Minorities Receive Less Financial Aid Than Whites
In a policy analysis, The Distribution of Grants and Scholarships by Race, Mark Kantrowitz, publisher of Fastweb.com and FinAid.org, found “minority students are less likely to win private scholarships or receive merit-based institutional grants than Caucasian students.” After crunching the numbers, Kantrowitz discovered that although whites make up less than two-thirds (62%) of the student population in the country, they receive more than three-fourths (76%) of all institutional merit-based scholarships.
So how does this happen? Even though Kantrowitz does make a point to show that although scholarships only for Caucasians exist, they’re few and often short lived. Looking deeper into the issue, he claims that the discrimination isn’t deliberate, but rather has more to do with the types of merit-based scholarships that are handed out and the interests of the sponsors which tend to disproportionately select for Caucasian students. In his conclusion Kantrowitz explains:
African-American students are much less likely to participate in equestrian sports (horseback riding, polo, rodeo), water sports (scuba diving, sailing, surfing, swimming, crew, water polo) and winter sports (ice hockey, skiing, snowboarding, figure skating) than Caucasian students. They are much more likely to pursue basketball, track & field, handball and football.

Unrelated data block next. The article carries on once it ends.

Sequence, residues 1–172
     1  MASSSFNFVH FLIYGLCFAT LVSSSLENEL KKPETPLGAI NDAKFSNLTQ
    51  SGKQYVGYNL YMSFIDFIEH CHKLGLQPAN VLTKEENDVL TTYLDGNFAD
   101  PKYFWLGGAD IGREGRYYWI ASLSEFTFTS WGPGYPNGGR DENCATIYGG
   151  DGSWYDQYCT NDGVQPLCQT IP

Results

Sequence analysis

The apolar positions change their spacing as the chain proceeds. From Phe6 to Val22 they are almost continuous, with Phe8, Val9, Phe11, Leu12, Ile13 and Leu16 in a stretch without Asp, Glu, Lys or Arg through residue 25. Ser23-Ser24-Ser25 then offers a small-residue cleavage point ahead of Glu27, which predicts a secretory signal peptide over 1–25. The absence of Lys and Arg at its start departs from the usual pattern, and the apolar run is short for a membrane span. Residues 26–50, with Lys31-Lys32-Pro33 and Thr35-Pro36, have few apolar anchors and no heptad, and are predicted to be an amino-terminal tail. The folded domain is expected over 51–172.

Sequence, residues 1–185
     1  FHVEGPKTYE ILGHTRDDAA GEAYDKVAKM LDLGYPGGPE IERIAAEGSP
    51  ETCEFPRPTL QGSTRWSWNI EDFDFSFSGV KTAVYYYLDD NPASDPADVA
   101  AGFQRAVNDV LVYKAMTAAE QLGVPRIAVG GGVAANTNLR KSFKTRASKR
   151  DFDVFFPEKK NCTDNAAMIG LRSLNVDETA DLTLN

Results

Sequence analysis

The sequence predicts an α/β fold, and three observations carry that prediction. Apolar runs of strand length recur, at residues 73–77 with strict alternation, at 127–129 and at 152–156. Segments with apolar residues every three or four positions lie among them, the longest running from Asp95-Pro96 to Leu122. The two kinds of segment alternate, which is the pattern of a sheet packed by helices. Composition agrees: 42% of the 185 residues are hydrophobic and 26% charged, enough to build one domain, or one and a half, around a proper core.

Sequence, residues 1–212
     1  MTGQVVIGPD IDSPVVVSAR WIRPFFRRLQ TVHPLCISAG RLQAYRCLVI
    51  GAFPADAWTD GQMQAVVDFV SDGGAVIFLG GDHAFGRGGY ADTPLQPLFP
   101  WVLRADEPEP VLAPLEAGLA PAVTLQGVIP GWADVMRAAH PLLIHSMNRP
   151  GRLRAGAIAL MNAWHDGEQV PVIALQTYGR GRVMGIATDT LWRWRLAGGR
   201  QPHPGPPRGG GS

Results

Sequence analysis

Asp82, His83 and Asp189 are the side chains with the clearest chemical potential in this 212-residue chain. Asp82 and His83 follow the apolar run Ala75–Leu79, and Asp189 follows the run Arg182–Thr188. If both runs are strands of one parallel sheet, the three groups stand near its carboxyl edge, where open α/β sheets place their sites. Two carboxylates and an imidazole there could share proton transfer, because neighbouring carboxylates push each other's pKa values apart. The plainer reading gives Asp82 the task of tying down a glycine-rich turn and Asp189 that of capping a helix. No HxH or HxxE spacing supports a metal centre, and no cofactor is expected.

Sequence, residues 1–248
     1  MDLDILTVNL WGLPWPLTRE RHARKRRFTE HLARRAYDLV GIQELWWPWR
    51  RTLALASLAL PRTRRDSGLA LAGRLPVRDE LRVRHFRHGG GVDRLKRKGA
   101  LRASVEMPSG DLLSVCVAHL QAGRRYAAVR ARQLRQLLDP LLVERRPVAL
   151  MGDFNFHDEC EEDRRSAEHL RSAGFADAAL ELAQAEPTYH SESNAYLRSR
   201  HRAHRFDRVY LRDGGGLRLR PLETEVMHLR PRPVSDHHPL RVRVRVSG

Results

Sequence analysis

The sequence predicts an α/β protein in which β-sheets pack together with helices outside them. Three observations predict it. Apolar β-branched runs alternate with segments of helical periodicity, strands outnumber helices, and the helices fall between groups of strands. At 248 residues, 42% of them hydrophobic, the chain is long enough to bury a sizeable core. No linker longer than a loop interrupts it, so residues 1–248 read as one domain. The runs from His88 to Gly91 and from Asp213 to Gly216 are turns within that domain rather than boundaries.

The sponsors of rodeo scholarships aren’t motivated by a desire to indirectly discriminate against minority students; they just like to promote rodeo. But the net result is that private scholarships as a whole disproportionately select for Caucasian students. Similarly, golf, archery, cycling, weight lifting and wrestling scholarships tend to implicitly select for Caucasian students.
So if more people of color get involved with sports and other activities primarily considered the domain of whites, does that mean they’ll start to get a bigger chunk of the scholarship money? It doesn’t just end with sports and extracurricular activities though. When analyzing data among high school students with GPAs of 3.5 or above, Kantrowitz found:
Caucasian students are more likely to win private scholarships than African-American, Latino or Asian students. Minority students represent 29.2% of high GPA students but receive only 22.4% of private scholarships, while Caucasian students represent 70.0% of high GPA students but receive 76.8% of private scholarships.
Another interesting fact included in the data: Less than 5% of all scholarship programs and less than 10% of the total number of individual scholarship programs consider the student’s race among their eligibility criteria. So where are minorities getting money for college? Grants based largely upon income. The analysis shows:
Minority students receive more need-based grants because minority students are more likely to be low income than Caucasian students. Of students who submitted the Free Application for Federal Student Aid (FAFSA), 83.0% of African-American students, 79.6% of Latino students and 69.5% of Asian students are low-income, compared with only 55.3% of Caucasian students.
Perhaps that explains how the persistent falsehood about minorities getting more than their fair share got started. Read the study here to go through all the numbers and stats that debunk the myth.
[Photo By Tiffin University]